Agony Column Podcast News Report : Pat Murphy Reads (and throws cards) at SF in SF Fantasy in SF

At the latest SF in SF, author Pat Murphy gave listeners a lot more than they may have bargained for. Sure, we enjoyed her wonderful but unfinished story that unfolded in the streets of San Francisco and in a toy company that sounds rather like Murphy's "day job", that is, working as a writer for Klutz publishers. That explains the card-throwing, at least as much as I want to. You can hear the rest of this delightful story from this link. Be careful, that card-throwing is harder than you think. Murphy makes that look easy and she makes the writing seem easy, which is why you know she works so hard.


07-02-08 : Neal Asher Casts 'Shadow of the Scorpion' ; Agony Column Podcast News Report : NPR Report on Paolo Bacigalupi

A Matter of Scale

The unmistakable Bob Eggleton. Cool!

It seems like it was just yesterday and I was writing about this phenomenal trade paperback book titled 'Gridlinked' by this guy named Neal Asher. But I've been at this since January 2002, and here we are six years later. Asher no longer an unknown (at least it worked out for one of us!) and we're well into his Agent Ian Cormac series; so far, in fact, that "Agent Cormac 5", 'Line War' (Tor UK / Pan Macmillan ; April 4, 2008 ; £17.99) was just released in the UK and 'Shadow of the Scorpion' (Night Shade Books ; July 2008 ; $14.95), the second in a series of TPB originals, is due in trade paperback in the US later this month. Given the go-ahead to publish novel as fast as he writes them, Asher can offer a 500+ page novel every nine months and a 250-page novella as well. Note that – novella. For any other writer, that 250-page book would be the main course; for Asher, it's just an appetizer.

... and now venerable Steve Rawlings.

But not really. 'Shadow of the Scorpion' takes readers back to Ian Cormac's childhood, growing up as the human race is at war with the Prador. So what you get with 'Shadow of the Scorpion' is a "coming-of-age" tale, Asher-style, while 'Line War' offers the perspective of a grizzled and gridlinked combat veteran. One is small and intimate, the other grand and effusive. Well, explosive at any rate. Asher blows up shit real good in these Cormac novels and the latest from Tor UK is no exception. AI overlords, a boosted Cormac, the Dragon and Mr. Crane are all in the mix. It's a pretty sure bet that somewhere along the way someone will suggest, "That could have gone better."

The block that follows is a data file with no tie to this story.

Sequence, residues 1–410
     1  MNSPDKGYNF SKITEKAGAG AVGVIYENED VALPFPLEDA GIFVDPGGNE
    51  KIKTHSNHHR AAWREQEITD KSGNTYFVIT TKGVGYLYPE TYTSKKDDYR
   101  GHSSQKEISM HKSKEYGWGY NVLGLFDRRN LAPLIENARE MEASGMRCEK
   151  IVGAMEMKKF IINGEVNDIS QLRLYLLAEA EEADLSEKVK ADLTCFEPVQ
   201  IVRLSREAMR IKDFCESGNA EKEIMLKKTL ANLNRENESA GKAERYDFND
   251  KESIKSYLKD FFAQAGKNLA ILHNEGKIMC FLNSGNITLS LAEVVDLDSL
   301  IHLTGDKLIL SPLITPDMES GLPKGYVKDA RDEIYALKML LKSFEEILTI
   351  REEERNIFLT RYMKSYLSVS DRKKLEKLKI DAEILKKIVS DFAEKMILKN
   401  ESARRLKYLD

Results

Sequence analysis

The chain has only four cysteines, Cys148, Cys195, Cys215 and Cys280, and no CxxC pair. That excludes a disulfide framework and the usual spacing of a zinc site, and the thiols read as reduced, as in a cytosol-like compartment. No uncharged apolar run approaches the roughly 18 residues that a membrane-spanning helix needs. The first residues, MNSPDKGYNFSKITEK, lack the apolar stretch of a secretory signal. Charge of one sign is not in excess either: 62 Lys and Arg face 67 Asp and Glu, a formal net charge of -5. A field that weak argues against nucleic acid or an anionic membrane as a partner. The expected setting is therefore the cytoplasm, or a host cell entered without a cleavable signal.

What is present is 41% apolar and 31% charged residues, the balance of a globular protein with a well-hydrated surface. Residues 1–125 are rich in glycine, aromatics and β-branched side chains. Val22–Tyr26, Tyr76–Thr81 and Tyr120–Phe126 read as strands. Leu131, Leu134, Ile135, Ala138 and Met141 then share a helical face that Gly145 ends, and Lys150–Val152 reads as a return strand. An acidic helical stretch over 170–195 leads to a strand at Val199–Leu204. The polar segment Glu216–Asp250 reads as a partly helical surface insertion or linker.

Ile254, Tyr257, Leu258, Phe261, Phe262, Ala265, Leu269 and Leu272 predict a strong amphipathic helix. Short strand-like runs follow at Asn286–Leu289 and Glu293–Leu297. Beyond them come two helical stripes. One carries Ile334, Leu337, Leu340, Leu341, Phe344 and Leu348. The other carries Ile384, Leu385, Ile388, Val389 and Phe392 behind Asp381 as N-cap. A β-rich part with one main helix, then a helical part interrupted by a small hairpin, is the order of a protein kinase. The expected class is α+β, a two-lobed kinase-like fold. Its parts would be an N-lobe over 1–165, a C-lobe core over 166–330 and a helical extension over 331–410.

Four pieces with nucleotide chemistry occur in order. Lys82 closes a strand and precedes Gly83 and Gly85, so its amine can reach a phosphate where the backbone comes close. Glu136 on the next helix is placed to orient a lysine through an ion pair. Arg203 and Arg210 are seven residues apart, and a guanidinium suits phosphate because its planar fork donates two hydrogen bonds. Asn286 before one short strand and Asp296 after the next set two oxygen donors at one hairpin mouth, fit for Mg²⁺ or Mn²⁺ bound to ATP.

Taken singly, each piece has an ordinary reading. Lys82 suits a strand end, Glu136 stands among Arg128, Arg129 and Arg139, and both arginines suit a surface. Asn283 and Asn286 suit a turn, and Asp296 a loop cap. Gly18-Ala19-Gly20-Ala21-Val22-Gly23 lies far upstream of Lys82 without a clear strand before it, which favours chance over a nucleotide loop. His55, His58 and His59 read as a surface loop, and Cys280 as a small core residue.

On the other side of the scale, it's the little things that make Ian Cormac a man who could end up being boosted. And in 'Shadow of the Scorpion' we meet those things and they prove to be disconcertingly human. Funny how we're always the most efficacious enemy we could meet, isnt it? On the other hand, at least Asher gives us the Prador, so effectively illustrated on the cover by Bob Eggleton; Steve Rawlings provides the usual and effective cover for 'Line War'. I do find it interesting that as Asher's work for Pan Macmillan becomes increasingly big-scale and baroque, his titles seem to get sheared down into almost generic territory.

To my mind, Asher's reached a sort of "like him or not" point. If you like Neal Asher, then you'll want both of these novels. He's a solid writer who delivers outstanding monsterific science fiction. If you've not read Asher, 'Gridlinked' is a great place to start, and you can rest assured that there is a lot more to the story. Big scale and small-scale stories to play out in the Polity. Child and man.

Agony Column Podcast News Report : NPR Report on Paolo Bacigalupi : Green Sci-Fi from Bacigalupi's Pump Six

From Night Shade Books and in short supply!